Below are the remarks made by Nick Hillman, HEPI’s Director, at Sunday morning’s MillionPlus / HEPI event at the (virtual) Conservative Party Conference, with the Minister for Universities, Michelle Donelan, on the theme, ‘Back in Business: What can modern universities do to support Britain’s recovery?’ The video of the session can also be watched below.
Thanks for attending this MillionPlus / HEPI event linked to the Conservative Party Conference. HEPI is the UK’s only independent think tank specialising in higher education. We are supported by most universities across the UK as well as a small number of corporates, for which we are very grateful.
I will make just four points.
We’ve – quite rightly – heard a lot about the big challenges faced by students in recent days but I’d like to start by noting the extraordinary contribution of higher education staff. Every single member of staff that I have spoken to since March has been working their socks off to provide the best possible environment for students.
The start of term has had its disruptions, and we all feel for students stuck in quarantine or self-isolation, yet it would have been a whole lot worse without the tireless work of so many people over so many months.
Access to education
My second point is to welcome last week’s announcements from the Prime Minister about improvements to apprenticeships, adult learning and student loan entitlements. They are in line with our own submission and the submission of MillionPlus to the Augar Review.
There may be some devil in the details that are still to come but, from what we currently know, it looks like a sensible set of reforms that will improve access to learning for people of all ages. The package was welcomed by colleges and universities alike, which I hope heralds the collaborative way in which both sectors are likely to respond when the changes come on stream next year.
Only last week, HEPI hosted an event at which Andrea Nolan, Principal and Vice-Chancellor of Edinburgh Napier University, one of MillionPlus’s members, reminded us of the successful ways in which the college and university sectors have historically worked together in Scotland.
At the same event, another speaker, Lee Elliot-Major, the UK’s first Professor of Social Mobility, drew attention to the way higher education institutions add value to people’s lives that goes far beyond what is measured in graduate earnings data. That is true at the individual level and the societal level: as someone wise once said, ‘science lets us live to 100 and the arts make us want to’.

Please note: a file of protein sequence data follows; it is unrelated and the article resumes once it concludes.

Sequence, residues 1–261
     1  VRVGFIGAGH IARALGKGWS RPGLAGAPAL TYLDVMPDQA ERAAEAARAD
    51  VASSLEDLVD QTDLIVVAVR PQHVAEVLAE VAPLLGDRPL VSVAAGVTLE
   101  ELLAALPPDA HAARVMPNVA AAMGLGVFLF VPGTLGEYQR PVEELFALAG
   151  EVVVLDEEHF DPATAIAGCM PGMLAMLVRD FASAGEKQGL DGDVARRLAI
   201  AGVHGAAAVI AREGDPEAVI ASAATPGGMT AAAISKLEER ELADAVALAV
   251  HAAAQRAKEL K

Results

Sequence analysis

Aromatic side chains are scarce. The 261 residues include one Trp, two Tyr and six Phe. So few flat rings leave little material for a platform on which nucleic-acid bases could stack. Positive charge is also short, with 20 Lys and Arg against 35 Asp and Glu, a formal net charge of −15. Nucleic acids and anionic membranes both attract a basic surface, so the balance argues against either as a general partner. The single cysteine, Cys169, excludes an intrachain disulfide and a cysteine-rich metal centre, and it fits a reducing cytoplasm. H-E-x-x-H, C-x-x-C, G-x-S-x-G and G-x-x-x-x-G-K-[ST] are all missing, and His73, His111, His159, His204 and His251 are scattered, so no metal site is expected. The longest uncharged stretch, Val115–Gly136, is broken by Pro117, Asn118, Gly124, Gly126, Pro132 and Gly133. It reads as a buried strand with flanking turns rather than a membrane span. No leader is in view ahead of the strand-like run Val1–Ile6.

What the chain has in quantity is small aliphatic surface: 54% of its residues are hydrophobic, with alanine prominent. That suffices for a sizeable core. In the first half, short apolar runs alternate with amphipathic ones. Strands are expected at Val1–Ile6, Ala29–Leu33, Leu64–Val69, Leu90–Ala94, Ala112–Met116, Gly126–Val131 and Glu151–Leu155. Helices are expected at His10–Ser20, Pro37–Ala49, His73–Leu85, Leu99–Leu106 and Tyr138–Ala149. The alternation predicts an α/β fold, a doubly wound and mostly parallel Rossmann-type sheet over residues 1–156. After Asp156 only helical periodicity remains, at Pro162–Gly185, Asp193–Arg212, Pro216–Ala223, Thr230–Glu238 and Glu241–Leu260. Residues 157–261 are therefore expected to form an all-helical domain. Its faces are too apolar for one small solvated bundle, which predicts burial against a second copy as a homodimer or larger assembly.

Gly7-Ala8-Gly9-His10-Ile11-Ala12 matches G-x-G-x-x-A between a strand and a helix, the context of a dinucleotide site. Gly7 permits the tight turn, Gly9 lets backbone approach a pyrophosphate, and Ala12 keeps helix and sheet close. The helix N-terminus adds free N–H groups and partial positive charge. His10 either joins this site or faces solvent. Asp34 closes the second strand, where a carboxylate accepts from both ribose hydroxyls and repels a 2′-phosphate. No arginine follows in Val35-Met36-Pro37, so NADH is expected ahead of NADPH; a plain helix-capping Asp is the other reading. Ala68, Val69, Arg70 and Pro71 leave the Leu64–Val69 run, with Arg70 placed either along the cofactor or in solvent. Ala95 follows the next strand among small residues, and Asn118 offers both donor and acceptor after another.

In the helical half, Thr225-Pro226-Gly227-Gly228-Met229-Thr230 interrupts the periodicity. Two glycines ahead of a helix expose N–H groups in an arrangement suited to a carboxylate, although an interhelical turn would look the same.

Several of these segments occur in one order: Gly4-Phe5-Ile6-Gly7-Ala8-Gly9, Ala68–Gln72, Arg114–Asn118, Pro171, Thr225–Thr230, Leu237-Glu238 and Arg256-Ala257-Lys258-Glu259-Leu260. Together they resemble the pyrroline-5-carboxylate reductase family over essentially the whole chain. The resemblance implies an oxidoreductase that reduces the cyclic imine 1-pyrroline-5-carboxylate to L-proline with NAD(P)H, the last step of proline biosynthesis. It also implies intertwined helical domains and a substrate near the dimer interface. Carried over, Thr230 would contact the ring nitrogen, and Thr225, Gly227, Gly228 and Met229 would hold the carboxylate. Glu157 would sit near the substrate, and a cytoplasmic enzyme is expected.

Carrots and sticks
One way of interpreting what was announced last week is that it was the ‘carrots’ from last year’s Augar report. That could mean the ‘sticks’ are still to come, perhaps from the Chancellor in the spending review.
One particular threat is a potential big reduction in the tuition fee cap. I think that would be a grave mistake, as it could leave institutions with fewer resources to deliver all the things that MillionPlus’s Chair, Rama, has just rightly pointed out that they do – and which will be doubly important in the coming recession.
A big fee cut would also make the Institute for Fiscal Studies’s warning about more than 10 universities going bust extra likely. I will leave the full details of the economic contribution made by universities to others, except to note that the people in the town where I grew up – a relatively deprived town in a relatively well-off part of the country – would have (and still would) benefit no end from the presence of a university.
Aspiration and expansion
Finally, given we are at a virtual Conservative Party Conference and despite the fact that HEPI is a non-partisan charity, I want to end with a political point.
There have been times in the recent past when it has occasionally felt like policymakers from the right of the political spectrum are most interested in beating up on, rather than celebrating, the higher education sector – the focus has been on negative issues like supposed free speech violations, grade inflation and student union politics. Those might be important issues, but it risks leaving the false impression that positive stories, like the expansion of higher education, are the exclusive preserve of the other side of the political spectrum.
In fact, history suggests that administrations of both political colours have, in the end, had to recognise the very high aspiration levels that exist within Britain, as well as the demand of employers for more higher skills. Senior Conservative figures like Alec Douglas-Home, who accepted the Robbins report, Ken Baker, who set a goal of 30% higher education participation, and George Osborne, who removed student number caps, have been just as favourable towards higher education expansion as Labour figures like Harold Wilson, whose administration founded the Open University, and Tony Blair, who set the infamous 50% target.
So I would like to end with a reminder from the current Prime Minister, who said during his time as the Shadow Higher Education Minister that, ‘It must be good for society and the economy if the number of people getting degrees of one kind or another increases.’